sat 13/07/2024

The Best Albums of 2017 | reviews, news & interviews

The Best Albums of 2017

The Best Albums of 2017

theartsdesk's music critics pick their favourites of the year

Five stars for Robert Plant's Carry Fire

Disc of the Day reviews new albums, week in, week out, all year. Below are the albums to which our writers awarded five stars. Click on any one of them to find out why.


Alan Broadbent: Developing Story ★★★★★  The pianist's orchestral magnum opus is packed with extraordinary things

Arcade Fire: Everything Now ★★★★★ A joyous pop album that depicts a world in tragic freefall

Autarkic: I Love You, Go Away ★★★★★ Tel Aviv producer Nadav Spiegel's latest collection is a triumph of head and heart

Brian Eno: Reflection ★★★★★ Slow-motion cascades of morphing tone

Boris: Dear ★★★★★ Japanese noise-mongers mark their 25th year with a masterpiece of heaviness

Cécile McLorin Salvant: Dreams and Daggers ★★★★★ The vocalist and songwriter delivers one of the great live jazz albums

DJ Hell: Zukunftsmusik ★★★★★ Stunning electronic masterpiece from Bavarian techno don

Super Natural, Jim JonesJim Jones & The Righteous Mind: Super Natural ★★★★★ The Righteous Mind’s debut is a punk-blues scorcher (pictured)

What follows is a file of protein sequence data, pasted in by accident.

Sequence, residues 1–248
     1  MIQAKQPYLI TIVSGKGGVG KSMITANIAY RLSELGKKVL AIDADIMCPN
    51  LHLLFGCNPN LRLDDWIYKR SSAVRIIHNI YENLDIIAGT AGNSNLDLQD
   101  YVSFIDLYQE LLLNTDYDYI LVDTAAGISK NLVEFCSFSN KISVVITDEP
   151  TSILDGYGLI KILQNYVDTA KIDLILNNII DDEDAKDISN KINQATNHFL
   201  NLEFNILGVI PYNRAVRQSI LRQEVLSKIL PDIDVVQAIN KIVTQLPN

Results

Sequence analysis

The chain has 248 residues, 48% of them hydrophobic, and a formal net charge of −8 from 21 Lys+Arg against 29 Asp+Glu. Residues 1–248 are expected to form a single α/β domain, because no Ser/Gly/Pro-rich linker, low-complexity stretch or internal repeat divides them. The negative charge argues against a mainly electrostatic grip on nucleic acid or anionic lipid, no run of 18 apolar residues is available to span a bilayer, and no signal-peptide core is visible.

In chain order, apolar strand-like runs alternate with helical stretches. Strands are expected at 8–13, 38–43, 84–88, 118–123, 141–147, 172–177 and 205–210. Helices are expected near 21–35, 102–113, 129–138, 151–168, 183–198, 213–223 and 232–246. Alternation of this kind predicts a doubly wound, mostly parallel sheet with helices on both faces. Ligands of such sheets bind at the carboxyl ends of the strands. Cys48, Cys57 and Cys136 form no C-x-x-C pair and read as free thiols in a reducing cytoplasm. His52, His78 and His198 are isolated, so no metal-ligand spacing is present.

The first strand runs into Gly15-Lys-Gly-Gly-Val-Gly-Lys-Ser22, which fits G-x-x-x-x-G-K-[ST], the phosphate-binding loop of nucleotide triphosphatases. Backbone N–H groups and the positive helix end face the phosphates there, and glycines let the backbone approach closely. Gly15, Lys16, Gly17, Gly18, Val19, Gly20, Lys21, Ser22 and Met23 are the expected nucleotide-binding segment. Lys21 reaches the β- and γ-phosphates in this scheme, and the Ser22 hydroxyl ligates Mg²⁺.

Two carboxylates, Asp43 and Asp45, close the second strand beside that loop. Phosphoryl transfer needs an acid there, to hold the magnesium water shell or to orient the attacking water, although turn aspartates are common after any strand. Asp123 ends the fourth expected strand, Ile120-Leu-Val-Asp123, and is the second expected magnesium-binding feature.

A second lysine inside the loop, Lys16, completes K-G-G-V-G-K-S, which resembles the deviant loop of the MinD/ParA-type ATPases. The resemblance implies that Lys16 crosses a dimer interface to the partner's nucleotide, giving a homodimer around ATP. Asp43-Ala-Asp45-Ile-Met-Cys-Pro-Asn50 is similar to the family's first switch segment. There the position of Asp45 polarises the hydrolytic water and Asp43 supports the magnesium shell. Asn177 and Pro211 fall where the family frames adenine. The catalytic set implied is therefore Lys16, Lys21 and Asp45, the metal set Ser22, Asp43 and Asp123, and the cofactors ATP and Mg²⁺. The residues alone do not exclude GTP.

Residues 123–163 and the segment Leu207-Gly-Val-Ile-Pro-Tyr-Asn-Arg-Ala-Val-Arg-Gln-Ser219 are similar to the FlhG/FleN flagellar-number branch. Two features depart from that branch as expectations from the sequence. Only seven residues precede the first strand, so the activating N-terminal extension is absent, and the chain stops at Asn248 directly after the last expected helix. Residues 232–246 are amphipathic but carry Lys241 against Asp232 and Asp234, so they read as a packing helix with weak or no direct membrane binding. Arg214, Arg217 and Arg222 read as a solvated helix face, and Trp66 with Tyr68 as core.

John Mayall: Talk About That ★★★★★ The godfather of British blues: still cutting it at 83

Lory D: Strange Days ★★★★★ From Rome via Glasgow, techno boiled down to its most potent essence

Lucky Soul: Hard Lines ★★★★★ The British pop band return with a timeless collection that's perfect for right now

Mark Kozelek with Ben Boye and Jim White ★★★★★
The cult American singer songwriter tackles the domestic and universal with equal panache

Nick Mulvey: Wake Up Now ★★★★★ Second stunning album from wide-eyed, thoughtful, spiritually-inclined singer-songwriter

Offa Rex: The Queen of Hearts ★★★★★ Olivia Chaney and Portland's Decemberists channel the golden age of English folk rock

Robert Plant: Carry Fire ★★★★★ The endlessly surprising rocker will not go quietly

Tubular Brass: Tubular Bells ★★★★★ Superb brass recreation of a 1970s classic, with added baluphonium



I nominate "So much to defend" by folk musician Chris Wood. Hoping you will review it soon.

Seaford Mods English Tapas has been on repeat in my house, car and iPod since its release.

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